Here is a film that I had heard about repeatedly for year! However, I sadly never got the chance to grab a copy until recently. I picked this Vinegar Syndrome release up of “Pigs” at the Troma booth at Monster-Mania 39. The vendor told me it was a great choice and a classic among Troma films. I grabbed up the beautifully packaged film and took it home after the weekend ended. We popped the blu ray in and I was delighted to hear the soundtrack theme which is a song composed by Charles Bernstein on a shoestring budget. I was delighted at the whimsical funkadelic and bluegrass vibe of the instrumentation. I was familiar with this music as it had been sampled previously and made for an amazing listening track. After my initial glee of the music, we delved into the features some before watching the actual movie.
The features on this were pretty solid. You got several alternate openings and endings to the film offering various takes on the story as a whole. These endings and openings actually made the full film a bit different in context. Also included was an interview with Toni Lawrence, the star of the film. Her father, Marc Lawrence was the director, writer and even actor who played Mr. Zambrini in the film. The interview was not terribly long but did cover a decent bit about the creation of the film itself. Additionally, there is an interview with Charles Bernstein where he delves into the creation of the eerie theme song I spoke of in the intro of this review. This was another really cool featurette that focused on the music creation end of the film from the composer himself.
The film has also been scanned and restored from 35mm to 2k quality. This makes for a clear difference in the previous releases quality versus this Vinegar Syndrome release which has the clearest picture quality of the varying versions of this film I have glimpsed at. Also, an audio interview with the cinematographer Glenn Roland is included as well, which offers even more insight into the film creation. You also get reversible artwork with the film as well. This is something more and more companies are including in their releases and I for one am a HUGE fan of this format. The newly created artwork was done by Chris Garofalo. This also marks the first time a directors cut of this film has been released.
For those that are familiar with this film you will know that it has gone through several name changes and alternate titles since its inception. Some of the titles of this film included: Pigs, The 13th Pig, Daddy’s Deadly Darling, Love Exorcist, Blood Pen, Daddy’s Girl, Horror Farm, The Killers and more. Adding more to the features list, they also included two different versions of theatrical trailers along with a still image galley too. Finally they also included English SDH subtitles. Essentially, this release comes packed with a nice bit of solid features.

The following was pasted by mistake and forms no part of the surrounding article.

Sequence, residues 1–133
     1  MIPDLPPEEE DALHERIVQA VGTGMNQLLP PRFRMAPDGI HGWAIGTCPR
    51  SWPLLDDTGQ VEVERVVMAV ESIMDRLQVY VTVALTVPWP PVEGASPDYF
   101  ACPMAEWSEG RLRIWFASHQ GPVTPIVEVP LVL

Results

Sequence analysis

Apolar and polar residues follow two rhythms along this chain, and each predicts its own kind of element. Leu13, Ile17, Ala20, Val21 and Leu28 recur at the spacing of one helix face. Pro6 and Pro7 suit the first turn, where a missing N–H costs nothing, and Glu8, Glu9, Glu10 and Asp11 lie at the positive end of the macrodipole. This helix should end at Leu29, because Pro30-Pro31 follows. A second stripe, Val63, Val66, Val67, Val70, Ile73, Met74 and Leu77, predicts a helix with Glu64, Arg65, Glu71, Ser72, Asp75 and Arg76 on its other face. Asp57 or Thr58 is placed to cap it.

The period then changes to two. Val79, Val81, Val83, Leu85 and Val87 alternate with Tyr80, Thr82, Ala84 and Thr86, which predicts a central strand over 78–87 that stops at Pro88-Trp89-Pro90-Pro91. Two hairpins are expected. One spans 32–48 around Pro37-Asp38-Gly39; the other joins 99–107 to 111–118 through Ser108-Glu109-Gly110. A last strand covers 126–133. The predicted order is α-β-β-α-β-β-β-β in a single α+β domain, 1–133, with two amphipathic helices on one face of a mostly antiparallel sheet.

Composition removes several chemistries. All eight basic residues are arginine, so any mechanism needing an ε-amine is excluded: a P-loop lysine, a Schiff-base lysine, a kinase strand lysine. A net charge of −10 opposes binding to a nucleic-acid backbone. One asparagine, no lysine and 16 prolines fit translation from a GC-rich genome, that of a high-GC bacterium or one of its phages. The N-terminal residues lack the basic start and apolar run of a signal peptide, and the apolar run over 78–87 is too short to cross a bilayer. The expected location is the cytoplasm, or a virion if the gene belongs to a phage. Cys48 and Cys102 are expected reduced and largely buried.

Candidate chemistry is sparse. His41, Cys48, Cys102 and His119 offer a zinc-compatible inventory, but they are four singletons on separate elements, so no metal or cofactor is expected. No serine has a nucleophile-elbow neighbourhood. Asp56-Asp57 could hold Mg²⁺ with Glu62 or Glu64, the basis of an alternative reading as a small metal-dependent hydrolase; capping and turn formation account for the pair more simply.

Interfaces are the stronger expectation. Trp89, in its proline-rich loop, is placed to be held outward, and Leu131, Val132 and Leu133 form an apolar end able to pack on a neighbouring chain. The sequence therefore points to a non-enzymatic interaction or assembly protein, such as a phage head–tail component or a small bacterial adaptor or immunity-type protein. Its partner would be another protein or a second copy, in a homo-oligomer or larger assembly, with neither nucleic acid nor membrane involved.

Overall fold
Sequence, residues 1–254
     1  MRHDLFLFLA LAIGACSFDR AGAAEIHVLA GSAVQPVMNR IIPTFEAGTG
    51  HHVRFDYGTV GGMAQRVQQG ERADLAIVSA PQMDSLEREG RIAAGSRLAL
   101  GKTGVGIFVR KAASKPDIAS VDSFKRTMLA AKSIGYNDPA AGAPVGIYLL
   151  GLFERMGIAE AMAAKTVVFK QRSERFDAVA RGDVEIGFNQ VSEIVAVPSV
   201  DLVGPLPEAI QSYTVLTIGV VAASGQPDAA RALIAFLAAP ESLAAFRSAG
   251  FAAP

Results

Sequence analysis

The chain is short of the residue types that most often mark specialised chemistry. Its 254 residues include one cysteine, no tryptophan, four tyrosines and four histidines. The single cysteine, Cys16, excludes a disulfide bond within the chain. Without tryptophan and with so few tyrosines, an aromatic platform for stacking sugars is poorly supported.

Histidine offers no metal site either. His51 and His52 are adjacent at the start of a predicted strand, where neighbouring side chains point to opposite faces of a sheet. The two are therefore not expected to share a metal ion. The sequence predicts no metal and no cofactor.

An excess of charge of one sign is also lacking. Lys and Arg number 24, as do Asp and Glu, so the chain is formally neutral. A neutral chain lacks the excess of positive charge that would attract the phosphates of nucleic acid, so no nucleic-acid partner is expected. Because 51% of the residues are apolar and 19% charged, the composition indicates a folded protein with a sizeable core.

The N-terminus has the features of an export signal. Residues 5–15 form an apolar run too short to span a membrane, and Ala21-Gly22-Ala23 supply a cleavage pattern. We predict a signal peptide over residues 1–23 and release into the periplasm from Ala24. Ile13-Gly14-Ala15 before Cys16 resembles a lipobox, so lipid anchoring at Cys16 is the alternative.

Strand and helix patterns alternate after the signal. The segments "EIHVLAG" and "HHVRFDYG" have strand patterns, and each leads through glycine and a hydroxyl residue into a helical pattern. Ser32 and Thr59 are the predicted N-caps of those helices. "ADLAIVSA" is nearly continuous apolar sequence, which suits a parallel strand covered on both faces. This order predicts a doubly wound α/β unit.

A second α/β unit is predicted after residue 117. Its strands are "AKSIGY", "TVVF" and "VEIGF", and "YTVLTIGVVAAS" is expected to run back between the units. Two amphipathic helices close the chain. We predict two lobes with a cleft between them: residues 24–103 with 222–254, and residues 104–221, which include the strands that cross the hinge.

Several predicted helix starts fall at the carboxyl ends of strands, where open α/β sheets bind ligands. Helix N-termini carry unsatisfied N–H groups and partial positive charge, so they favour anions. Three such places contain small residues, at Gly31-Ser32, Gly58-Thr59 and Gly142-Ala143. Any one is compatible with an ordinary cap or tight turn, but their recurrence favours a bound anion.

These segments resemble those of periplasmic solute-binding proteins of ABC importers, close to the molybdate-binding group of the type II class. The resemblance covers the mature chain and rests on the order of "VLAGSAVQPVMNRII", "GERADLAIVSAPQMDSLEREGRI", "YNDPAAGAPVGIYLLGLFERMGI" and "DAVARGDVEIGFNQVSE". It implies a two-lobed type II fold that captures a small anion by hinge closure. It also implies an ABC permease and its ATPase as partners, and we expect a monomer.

Now, lets get to the meat and bones of this review, the film itself! So, we turned on this cult classic flick and not knowing what to expect we were pleasantly surprised. Now, there is no oscar worthy acting in this flick. However, I can say that Zambrini did a excellent job of conveying a overzealous and paranoid villain. Masking the crimes of Lynn all while diverting authorities away from the farm and keeping prying eyes out. Toni Lawrence’s role was also met with a solid performance that at times could be a bit overdone but for the most part delivered on point. The story in this film is perhaps nothing new and ground breaking. But at the time of it’s release I do feel it was perhaps something fresh for audiences.
The basic film synopsis reads something like this: “Lynn Webster is a mysterious and beautiful young woman with a deadly secret. After arriving in a secluded California town, she takes a job as a waitress for Zambrini (Marc Lawrence), an elderly former circus performer who runs a small cafe, complete with a pen of 12 hungry pigs. Local legend has it that his pigs only eat human flesh and that in order to satisfy their growing appetites, Zambrini has begun to murder drifters. Soon the sheriff (Jesse Vint) begins to get suspicious of the strange goings on at Zambrini’s farm and grows closer and closer to discovering the shocking truth of the pigs.”
As previously noted, the picture quality is pretty clean considering it’s release time, budget and video sourcing that was available to them. This film has actually become a favorite of mine among the lower budget schlock fests that poured out of the 70’s. There is some bloody parts in the movie but nothing too too gory. I think it is pretty sensible in its use of blood even. If you are looking to venture back into the retro era of yesteryear and feel at home on the farm, then this is the one for you. This flick delivers a punchy plot line while luring you into Lynn’s macabre world. I give Pigs a solid two thumbs up and highly enjoyed this cult classic! If you have seen this film, let us know your thoughts below in the comments section!